The results of this effort by the ministry are noteworthy. Speeding violations decreased from almost 7 percent to less than 3 percent in areas where camera enforcement was in operation, as figure 16 shows.

Figure 16: Measured results of automated enforcement. (French Ministry of Transport)
Line graph of automated enforcement measured results. On the x-axis are months from November 2003 to October 2004. On the left side y-axis is the estimated number of drivers subject to enforcement by fixed cameras, indicated in blue. On the right side y-axis is the percentage of speed violators, indicated in red. The number of drivers subject to enforcement ranges from about 15 in November 2003 to about 85 in October 2004. The percentage of drivers violating the speed limit ranges from about 0.6 percent in November 2003 to less than 0.3 percent in October 2004.

Figure 17: Automatic speed enforcement process diagram. (French Ministry of Transport, DSCR)
Automatic speed enforcement process diagram. In the first column, the vehicle exceeds the speed limit, the radar beam detects the speed and automatically takes a photo, and data and photos are automatically coded and sent to the National Processing Center. In the second column, data and photos are decoded at the center. On the photo appear all data related to the infringement, including speed, date, time, national license plate database, stolen car data base, and rental car database. In the third column, once the vehicle has been identified, the penalty notice is automatically sent by mail under the supervision of the center's Public Prosecutor Office. In the fourth column, the vehicle owner receives the penalty notice within 48 hours. In the fifth column, the owner who does not contest pays the fine at the National Fine Center. If he does not agree with the sanction, he must send a letter to the National Processing Center. In the case of a stolen car or false plate, he must send proof to the center. If someone else was driving the car, he must send the driver's references to the center. In the sixth column, the National Processing Center decides either to file the case or disallow the claim and send the case to a Police Court. If the vehicle owner claims someone else was driving, the National Processing Center sends a penalty notice to the driver. If that person contests, the case is heard by a Police Court.

In addition, these sites showed a dramatic 85 percent reduction in crashes in the 10-month study period. The ministry also noted a general decrease in speeding violations elsewhere on the motorway network, even in locations with no cameras. Public reaction to the cameras includes an admission by 86 percent of drivers that their speed reduction was a consequence of the presence of the speed cameras and recognition by 77 percent that this automated speed enforcement system improved road safety.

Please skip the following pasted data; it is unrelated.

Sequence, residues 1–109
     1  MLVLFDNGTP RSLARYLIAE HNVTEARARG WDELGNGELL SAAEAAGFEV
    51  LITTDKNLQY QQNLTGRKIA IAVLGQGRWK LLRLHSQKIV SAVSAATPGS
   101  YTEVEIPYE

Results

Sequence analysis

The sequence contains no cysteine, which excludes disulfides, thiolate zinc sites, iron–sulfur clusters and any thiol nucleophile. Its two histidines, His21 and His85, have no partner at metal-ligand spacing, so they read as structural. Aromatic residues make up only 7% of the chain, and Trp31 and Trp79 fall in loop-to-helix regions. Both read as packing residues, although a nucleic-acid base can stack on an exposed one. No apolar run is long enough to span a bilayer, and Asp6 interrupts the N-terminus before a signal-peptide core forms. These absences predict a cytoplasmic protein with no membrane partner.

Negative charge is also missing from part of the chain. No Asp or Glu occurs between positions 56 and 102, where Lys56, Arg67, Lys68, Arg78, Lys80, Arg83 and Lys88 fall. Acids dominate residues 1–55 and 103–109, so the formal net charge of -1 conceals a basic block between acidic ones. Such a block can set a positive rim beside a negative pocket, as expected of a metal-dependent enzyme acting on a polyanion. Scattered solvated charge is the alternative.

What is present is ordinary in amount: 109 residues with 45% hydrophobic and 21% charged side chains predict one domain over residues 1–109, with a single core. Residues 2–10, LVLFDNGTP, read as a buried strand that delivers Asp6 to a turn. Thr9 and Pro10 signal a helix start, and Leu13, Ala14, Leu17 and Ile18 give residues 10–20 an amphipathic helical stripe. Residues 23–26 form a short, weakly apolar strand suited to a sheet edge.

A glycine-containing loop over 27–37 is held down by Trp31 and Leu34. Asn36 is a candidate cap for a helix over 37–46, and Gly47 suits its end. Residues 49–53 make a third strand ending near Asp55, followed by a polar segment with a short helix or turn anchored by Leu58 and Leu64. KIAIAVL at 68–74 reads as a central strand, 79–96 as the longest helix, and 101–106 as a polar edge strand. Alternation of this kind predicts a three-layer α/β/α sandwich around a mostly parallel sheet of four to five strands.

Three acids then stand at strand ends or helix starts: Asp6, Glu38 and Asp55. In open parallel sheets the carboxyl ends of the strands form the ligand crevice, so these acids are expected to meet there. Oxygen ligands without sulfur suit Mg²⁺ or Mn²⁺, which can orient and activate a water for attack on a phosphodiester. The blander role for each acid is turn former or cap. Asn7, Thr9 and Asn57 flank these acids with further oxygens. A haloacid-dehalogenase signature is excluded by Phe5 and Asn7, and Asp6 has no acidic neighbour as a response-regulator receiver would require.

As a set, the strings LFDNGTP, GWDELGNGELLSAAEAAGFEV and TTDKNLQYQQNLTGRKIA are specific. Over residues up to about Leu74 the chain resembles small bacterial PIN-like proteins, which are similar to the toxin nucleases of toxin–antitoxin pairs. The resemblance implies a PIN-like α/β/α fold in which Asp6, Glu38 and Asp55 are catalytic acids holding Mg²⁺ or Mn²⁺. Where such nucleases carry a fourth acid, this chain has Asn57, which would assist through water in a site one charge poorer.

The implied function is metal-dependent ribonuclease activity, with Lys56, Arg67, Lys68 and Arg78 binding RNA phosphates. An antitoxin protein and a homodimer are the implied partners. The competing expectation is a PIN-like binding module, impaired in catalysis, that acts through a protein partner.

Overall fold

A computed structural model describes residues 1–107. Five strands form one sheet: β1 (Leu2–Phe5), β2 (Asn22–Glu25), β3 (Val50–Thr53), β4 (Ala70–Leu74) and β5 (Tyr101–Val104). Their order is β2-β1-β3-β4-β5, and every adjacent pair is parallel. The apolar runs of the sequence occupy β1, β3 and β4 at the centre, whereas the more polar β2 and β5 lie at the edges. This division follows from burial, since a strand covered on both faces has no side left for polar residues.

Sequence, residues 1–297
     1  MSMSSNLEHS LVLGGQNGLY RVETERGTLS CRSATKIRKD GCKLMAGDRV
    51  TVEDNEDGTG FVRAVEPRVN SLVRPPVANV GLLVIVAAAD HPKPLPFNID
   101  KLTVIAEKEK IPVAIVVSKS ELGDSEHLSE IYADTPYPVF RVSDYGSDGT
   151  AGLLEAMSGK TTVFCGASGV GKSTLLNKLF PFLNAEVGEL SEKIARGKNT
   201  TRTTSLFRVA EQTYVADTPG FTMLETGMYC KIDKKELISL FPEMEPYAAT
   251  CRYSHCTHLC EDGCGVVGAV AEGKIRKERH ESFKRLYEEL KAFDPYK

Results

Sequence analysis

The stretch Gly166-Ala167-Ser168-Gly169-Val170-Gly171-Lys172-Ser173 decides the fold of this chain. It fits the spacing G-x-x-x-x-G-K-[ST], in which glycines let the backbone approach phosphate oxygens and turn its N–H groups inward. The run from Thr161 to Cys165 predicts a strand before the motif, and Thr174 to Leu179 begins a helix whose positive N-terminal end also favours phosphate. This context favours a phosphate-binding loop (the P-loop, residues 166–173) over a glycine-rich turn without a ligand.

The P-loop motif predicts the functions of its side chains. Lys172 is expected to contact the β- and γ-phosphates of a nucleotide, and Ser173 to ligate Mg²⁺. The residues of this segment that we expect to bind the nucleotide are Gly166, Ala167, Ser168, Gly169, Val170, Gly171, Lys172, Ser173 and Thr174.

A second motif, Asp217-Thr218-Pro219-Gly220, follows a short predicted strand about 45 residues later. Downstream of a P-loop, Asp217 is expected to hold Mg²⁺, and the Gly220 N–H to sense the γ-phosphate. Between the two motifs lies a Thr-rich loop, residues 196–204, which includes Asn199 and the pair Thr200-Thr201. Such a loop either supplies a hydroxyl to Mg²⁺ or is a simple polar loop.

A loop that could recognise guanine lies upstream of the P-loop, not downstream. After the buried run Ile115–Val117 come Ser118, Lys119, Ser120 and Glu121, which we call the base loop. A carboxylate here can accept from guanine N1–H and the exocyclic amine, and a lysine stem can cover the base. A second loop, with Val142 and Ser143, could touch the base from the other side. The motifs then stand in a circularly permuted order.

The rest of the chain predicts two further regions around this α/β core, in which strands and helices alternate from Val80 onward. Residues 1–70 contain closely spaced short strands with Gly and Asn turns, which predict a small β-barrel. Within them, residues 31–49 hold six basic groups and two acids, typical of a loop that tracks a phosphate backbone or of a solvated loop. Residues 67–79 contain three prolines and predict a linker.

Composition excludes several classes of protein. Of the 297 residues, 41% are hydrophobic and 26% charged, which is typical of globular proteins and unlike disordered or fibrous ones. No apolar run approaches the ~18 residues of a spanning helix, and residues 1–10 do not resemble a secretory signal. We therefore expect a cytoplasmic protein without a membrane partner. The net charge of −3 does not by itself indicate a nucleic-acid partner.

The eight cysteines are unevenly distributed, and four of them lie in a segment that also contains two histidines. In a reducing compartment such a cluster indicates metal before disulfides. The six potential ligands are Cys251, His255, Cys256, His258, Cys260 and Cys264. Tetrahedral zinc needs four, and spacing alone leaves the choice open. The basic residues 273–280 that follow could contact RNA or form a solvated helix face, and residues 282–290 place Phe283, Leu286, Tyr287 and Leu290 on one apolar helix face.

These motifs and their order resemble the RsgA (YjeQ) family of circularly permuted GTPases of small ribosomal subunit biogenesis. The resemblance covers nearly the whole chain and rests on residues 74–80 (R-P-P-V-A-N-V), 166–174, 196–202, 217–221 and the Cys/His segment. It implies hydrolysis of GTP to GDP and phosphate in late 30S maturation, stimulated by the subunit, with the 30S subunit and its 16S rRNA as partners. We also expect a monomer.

Another effort is called LAVIA (figure 18), a French project focused on intelligent speed adaptation in which a governor system automatically limits a vehicle's speed to the locally posted limit. This governor controls the vehicle's maximum speed under three conditions described below. Under this system, the vehicle's accelerator pedal has no effect when the vehicle is traveling at the prevailing speed limit. For safety purposes, however, the system includes a feature that allows the driver to "kick down" the accelerator in an emergency to avoid a crash or hazard.

Figure 18: LAVIA logo.
LAVIA logo.

LAVIA, now in early trials, is providing valuable information to transportation researchers. In its tests, LAVIA is comparing three modes of operation:

Advisory Mode
A warning is displayed on the dashboard if the speed limit is exceeded.
Voluntary Active Mode
The driver can turn on the LAVIA system, allowing the vehicle's speed to be controlled per the posted speed limit.
Mandatory Active Mode
The LAVIA system is always on.

For the LAVIA system to work, a sophisticated digital mapping system must be operative, making detailed speed information available for the network. In the vehicle, an onboard navigation system with GPS capabilities works in conjunction with a digital map containing speed data. The LAVIA controller merges the digital map information with both GPS data and readings from the vehicle's speedometer and reacts accordingly to control the speed of the vehicle.